As an aside, there are some patents that issue right away with short claims because the Examiner at the USPTO failed to do a good search or examination (i.e., the patent is invalid). However, that is believed to be the exception, as Examiners are also trained to be very wary of short claims. Unofficially, some patent practitioners joke that USPTO Examiners apply the “three-finger rule”: if you can cover the independent claim with three fingers, it’s still too short to be allowed to issue.
Taken together, the two interrelated factors of: (1) Rounds of prosecution and (2) Word count of independent claims, could serve as a much more reliable immediate indicator of quality. The information about rounds of prosecution and claim word count of granted patents is already “out there”, as the prosecution history of published applications (indicating the rounds of prosecution) and the contents of published patents (including their independent claims) are available online from the USPTO. Unfortunately, it currently requires data mining the USPTO’s public files to produce these metrics for any particular patent.
It might change the world of due diligence if these pieces of information were more accessible, for example if the USPTO provided them in the electronic file or on the cover of the granted patent itself. This would give investors outside the patent world much more reliable immediate indicators that are closely correlated to the scope — and consequently, the value — of a patent. Over time, these indicators might replace the more simplistic metric of merely evaluating patent portfolios based on size (meaning number of patents). As a consequence, companies would be incentivized to abandon patents with very high word counts and long prosecution histories, in order to keep their portfolio averages (meaning word count and rounds of prosecution) in check.
If this standard were adopted, and companies accordingly reduced the practice of “portfolio bloat”, IP practitioners would still have plenty of work to go around. In the exemplary dataset shown above, only 7.3% of patents have independent claims with 350 words or more, indicating that they are likely to be “filler patents”. Disincentivizing such “filler patents” might lead to a slight loss of business for patent law firms and the USPTO. However, this loss would be marginal, and in any case could likely be offset by the continuing positive trend in patent filings which has been seen over the past few years. Furthermore, surplus patent budget that is freed up by abandoning “filler patents” can be redistributed back into a company’s R&D. This could result in an increase in real innovation, thereby leading to more meaningful patent filings.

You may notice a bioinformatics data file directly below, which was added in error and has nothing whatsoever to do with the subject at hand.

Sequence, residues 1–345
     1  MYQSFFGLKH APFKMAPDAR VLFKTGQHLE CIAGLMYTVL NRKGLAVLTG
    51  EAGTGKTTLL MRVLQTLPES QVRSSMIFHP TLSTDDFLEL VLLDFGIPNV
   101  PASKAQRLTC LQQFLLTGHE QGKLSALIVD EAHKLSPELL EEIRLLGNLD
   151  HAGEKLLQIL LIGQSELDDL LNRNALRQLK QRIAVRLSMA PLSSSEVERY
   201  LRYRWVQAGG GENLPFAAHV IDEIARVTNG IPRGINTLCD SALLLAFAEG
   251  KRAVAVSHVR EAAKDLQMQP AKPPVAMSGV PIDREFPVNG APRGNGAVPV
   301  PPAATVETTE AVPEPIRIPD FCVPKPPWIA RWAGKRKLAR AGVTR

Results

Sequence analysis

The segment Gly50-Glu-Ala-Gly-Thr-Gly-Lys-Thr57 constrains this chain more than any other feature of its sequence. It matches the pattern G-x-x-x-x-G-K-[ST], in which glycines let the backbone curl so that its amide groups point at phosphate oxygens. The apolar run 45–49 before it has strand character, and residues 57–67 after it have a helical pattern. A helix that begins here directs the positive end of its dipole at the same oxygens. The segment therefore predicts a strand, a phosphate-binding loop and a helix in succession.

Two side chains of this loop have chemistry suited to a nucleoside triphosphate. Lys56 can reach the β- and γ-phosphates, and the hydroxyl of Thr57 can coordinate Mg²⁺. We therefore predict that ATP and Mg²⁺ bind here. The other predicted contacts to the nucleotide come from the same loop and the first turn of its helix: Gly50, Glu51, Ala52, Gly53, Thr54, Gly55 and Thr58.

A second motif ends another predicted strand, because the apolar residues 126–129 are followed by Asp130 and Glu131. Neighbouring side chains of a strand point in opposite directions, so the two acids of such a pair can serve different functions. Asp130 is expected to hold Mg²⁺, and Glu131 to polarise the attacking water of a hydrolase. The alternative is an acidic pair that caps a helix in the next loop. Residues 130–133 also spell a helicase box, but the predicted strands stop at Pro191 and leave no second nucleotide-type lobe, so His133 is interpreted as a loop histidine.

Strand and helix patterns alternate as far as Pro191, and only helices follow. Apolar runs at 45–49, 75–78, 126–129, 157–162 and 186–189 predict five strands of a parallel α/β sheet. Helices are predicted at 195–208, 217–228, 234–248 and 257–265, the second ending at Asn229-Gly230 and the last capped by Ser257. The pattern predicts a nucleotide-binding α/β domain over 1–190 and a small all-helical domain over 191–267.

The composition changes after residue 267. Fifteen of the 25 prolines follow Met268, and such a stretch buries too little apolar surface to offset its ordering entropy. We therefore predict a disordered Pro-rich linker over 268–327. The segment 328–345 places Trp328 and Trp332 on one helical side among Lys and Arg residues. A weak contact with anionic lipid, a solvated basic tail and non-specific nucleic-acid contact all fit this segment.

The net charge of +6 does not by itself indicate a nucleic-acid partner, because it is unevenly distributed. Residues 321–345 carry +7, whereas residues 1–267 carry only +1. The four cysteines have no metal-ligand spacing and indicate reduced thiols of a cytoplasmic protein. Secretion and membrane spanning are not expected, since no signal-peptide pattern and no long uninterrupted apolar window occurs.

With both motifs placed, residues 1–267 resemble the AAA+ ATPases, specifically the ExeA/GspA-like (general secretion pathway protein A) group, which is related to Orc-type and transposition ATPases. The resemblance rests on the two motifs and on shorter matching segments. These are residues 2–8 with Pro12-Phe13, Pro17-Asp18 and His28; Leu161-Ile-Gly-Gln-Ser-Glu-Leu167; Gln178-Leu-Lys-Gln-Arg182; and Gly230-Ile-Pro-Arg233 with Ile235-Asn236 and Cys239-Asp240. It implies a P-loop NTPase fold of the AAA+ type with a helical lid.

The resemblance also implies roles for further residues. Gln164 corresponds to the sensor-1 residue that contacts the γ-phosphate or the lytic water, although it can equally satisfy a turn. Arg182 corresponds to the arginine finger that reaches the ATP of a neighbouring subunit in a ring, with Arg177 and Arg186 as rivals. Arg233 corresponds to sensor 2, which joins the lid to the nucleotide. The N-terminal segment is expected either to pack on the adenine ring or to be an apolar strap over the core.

Also, adopting this standard would certainly not replace the work performed by firms specialized in patent valuation, as the average word count and number of rounds of prosecution of a patent portfolio only serve as a preliminary measure of the portfolio’s overall value, and cannot be translated directly into a dollar-estimate of patent value. Therefore, the demand for detailed market-based and income-based valuations of portfolios would be largely unaffected.
Join the Discussion
12 comments so far.
JoshAugust 16, 2017 04:23 pm
I typically deal with smaller companies who have <10 patents in their portfolio. Comparables are extremely difficult to find as that information is typically private. I have noticed that the USPTO has added some additional features to the assignment database, like being able to click on PDFs of security agreements, financing statements, etc…I'm just wondering if the $/consideration paid for the patents is ever listed there…or, in some other resource?
CraigAugust 5, 2017 09:43 am
This is a really good article, Pruning out filler patents would help the system, and finding quick ways to identify them (which could be used to affect valuations and deals) is a significant contribution. Even more so as intangible assets account for the dominant value divers for many/most public companies in their SEC filings. It is notoriously hard to assign values to intangible assets (esp patents, where the vast majority are not ‘valueable’), and the proposed 2-factor system lends itself to automation.
With respect to portfolio bloat, while I’m sure it’s an issue in some private sector companies, it pales in comparison to the Federal Lab system, especially agencies staffed with internal patent agents or attorneys to keep busy.
In this regard, it would be interesting to compare filler % (along with a measure of commercial relevance %) between selected private sector businesses (poss industry diffs?) vs Universities vs Fed agencies. Nice work.
Tesia ThomasAugust 5, 2017 02:33 am
“A patent to an independent inventor in most cases is more of a liability than an asset and has in the end a negative value.”
As soon as we realize our vision by selling a ton of product on which our patents are based, we compel our well funded competitors to infringe.
And then we try to fight back.
So they IPR and kill the IP.
Any money from sales goes to legal fees. We don’t make any money because we don’t keep any money.
We pay attorneys whose work product apparently sucks to get examination that supposedly sucks so we can later get infringement attorneys who suck.
The common denominator is that everything on our side sucks…except our product.
And if we didn’t have a great product then we wouldn’t be in this mess to begin with.